Tensions Between Safety and Sustainability in the Field

No Animals, Food Safety Violation II

I wrote a short blog post on friction between food safety and environment (particularly animals) for my department’s website last week. It’s based on a recent trip I took to conduct fieldwork in Imperial Valley, California and Yuma, Arizona — two of the most important produce growing regions in the country. I met with vegetable growers and food safety auditors in both states, and even got to tag along on a night harvest of baby spinach.

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This sort of fieldwork is both exhilarating and exhausting. I get the chance to meet people whose occupations most of us hardly know exist, let alone have any sense of what that work entails, and to visit places which likewise don’t make it onto the radar. At the same time, making the most of fieldwork means being “on” all the time, ready to absorb and sift information with all sensory channels open and receiving. At the end of each day, I have to be able to tell a story, to weave the events and observations and impressions into a coherent narrative in my field notes. These notes are critical records for me later — sometimes years later — when I have to synthesize and write up my final report for publication. So I thought it might be interesting to provide a short example of my field notes look like. Here’s a sample, verbatim with no edits, of what I wrote about my trip to the night harvest.

I spoke with the food safety manager, whom I met about 5:30 in the evening, and two foremen whose crews were harvesting that night. The crews begin about 5 in the evening (when it starts to cool off), and work for 8-10 hours, sometimes a bit less like this night, when the manager thought they would wrap up by about midnight. These crews are maybe 10-13 workers (even fewer if the greens are packed in large bins rather than the relatively small totes, due to the labor of packing). Crews for harvesting whole product, such as head lettuce or romaine hearts, can be much larger, on the order of 20-50 workers (since these have to be harvested by hand).

We met at the staging area, where the foremen (mayordomos) and tractor/harvester drivers park and meet (the crews show up directly at the field, later). The foremen and drivers are skilled workers, usually with many years of experience both on the line and running a crew, and are employed year round by the harvester (who is based out of Salinas, and also does growing). Several of the cars had boxes of spring mix in the front seats—already washed, the kind that goes out to retail or foodservice. I asked the manager about it, and he said that the buyers regularly send the crews a palette of product, as sort of a thank you to the workers (for reference, a crew might harvest about 30 palettes in one night). I later had a conversation with one of the foremen about spinach, and a gleam came into his eyes as he started recounting all of the delicious meals his wife cooks with the spinach. When we finished the visit at that field and were saying goodbye, he gave me a 2-lb. box of organic spring mix to take home with me.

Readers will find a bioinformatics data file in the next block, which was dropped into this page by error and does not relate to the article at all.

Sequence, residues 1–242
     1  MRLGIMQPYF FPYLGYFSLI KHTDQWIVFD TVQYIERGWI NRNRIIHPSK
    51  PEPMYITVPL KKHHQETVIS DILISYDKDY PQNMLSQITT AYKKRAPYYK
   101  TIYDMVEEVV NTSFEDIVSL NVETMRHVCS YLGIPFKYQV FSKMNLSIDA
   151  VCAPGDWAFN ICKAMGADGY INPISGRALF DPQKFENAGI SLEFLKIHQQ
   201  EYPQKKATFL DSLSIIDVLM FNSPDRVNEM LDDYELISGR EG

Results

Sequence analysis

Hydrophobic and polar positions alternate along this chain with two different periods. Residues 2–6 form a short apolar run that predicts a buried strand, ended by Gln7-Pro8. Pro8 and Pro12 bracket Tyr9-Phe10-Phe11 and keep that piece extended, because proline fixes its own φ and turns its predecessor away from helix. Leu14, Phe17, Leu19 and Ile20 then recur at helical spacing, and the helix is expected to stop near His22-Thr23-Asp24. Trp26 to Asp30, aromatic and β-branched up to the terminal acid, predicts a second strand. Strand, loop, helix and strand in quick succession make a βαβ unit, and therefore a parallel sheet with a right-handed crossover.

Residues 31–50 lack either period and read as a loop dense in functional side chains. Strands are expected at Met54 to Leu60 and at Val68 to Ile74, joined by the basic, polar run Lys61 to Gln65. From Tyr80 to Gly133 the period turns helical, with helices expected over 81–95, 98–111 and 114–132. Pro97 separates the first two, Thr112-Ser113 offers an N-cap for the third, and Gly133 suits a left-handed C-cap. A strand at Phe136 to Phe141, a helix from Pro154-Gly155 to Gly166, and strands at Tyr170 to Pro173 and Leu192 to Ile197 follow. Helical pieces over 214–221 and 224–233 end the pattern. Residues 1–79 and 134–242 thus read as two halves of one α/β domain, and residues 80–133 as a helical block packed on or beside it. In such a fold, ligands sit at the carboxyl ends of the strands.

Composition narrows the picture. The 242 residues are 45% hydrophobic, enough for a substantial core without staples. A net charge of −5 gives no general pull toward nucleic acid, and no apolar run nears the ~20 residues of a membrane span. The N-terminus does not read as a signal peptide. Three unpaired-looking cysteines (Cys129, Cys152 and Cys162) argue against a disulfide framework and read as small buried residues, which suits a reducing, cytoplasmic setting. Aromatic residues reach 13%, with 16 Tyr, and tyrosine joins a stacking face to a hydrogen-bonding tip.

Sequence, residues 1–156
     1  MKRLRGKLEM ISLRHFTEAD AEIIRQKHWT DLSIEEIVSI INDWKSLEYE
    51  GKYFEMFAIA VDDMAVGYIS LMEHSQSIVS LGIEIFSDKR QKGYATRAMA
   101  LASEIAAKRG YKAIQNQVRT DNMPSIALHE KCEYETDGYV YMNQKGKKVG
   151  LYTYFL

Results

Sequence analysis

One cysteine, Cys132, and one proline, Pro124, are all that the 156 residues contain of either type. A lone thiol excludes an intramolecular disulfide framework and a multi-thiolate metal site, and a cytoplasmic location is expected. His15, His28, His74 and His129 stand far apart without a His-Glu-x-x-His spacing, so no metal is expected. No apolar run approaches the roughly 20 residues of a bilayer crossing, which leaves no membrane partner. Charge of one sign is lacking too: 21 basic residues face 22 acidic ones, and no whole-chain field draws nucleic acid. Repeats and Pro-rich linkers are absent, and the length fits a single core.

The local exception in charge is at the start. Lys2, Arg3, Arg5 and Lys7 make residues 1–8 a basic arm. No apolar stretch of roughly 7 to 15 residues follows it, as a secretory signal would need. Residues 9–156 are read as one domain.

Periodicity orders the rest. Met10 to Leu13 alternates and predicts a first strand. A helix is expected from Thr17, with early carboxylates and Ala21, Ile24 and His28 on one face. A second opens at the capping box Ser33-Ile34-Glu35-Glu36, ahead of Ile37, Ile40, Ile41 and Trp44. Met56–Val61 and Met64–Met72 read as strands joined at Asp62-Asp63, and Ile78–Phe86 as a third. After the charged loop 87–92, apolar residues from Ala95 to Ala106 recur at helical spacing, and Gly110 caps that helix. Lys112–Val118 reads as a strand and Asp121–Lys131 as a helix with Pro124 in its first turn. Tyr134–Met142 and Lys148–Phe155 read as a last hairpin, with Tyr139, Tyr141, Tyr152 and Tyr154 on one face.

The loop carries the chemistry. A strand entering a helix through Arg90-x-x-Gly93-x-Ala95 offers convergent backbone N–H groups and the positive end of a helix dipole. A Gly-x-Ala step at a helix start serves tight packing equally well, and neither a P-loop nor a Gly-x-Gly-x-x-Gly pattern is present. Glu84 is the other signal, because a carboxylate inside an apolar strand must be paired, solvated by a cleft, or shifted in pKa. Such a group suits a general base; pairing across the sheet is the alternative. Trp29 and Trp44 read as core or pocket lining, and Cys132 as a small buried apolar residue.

Before I could go into the field, I had to observe the requirements of the visitor SOP. I washed my hands vigorously with soap and water (supposed to be 20 seconds, or the time it takes to sing Happy Birthday), donned a hairnet and a reflective vest, and removed my watch (to my pocket). The harvest crew was moving away from us, and we walked across the already harvested beds (which no longer mattered since they were finished for the season). Sometimes they do prep beds for a second pass harvest, especially in times of high demand, but it was unclear how that changes the treatment of the harvested beds.

For the baby greens – e.g. spring mix or spinach – the product is mowed up with a large harvesting machine, which draws the cut leaves onto a conveyor belt. The leaves are carried up to the back of the machine, where several workers stand on a special platform. They are arranged as on a factory line, which begins on the trailer being pulled along by a tractor parallel to the harvesting machine. A couple of workers on the trailer prepare empty bins and place them on the start of the conveyor belt. The bins pass along to the 2-3 workers (apparently generally women) who gather the leaves as they flow over the lip of the conveyor belt and pack them loosely in the totes. The packed totes are then conveyed back to the trailer where 3-4 workers cover, stack and secure them.

The harvesting machine has an anti-rodent sound machine affixed to the front, near the blade and the headlights. The machine emits a sort of throbbing high-pitched chirp that is supposed to make any rodents who are nearby run away. The manager says he tested it out in a friend’s house who had a mouse problem, and it seemed effective there. There are also two workers who walk between the beds ahead of the machine, to look for any signs of animal activity or other problem (like a bit of trash) that would require the harvesters to skip a section. That said, according to the manager, it is very rare to see animals in the field during the actual growing season—in his telling, all the people who are around the fields all the time during the growing season keep them off. It is much more common to see animals in the off-season, when the fields are left alone for a while.

As a final note, I will say that the two pounds of spinach were a real boon to me in a time of need. After the harvest, I faced an hour drive back to Yuma, arriving near midnight. There was no food and nothing open, let alone with vegetarian options, so I ate lots and lots of salad.

Salad greens

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One Response to Tensions Between Safety and Sustainability in the Field

  1. wdowiarzm@gmail.com

    Way interesting as always!

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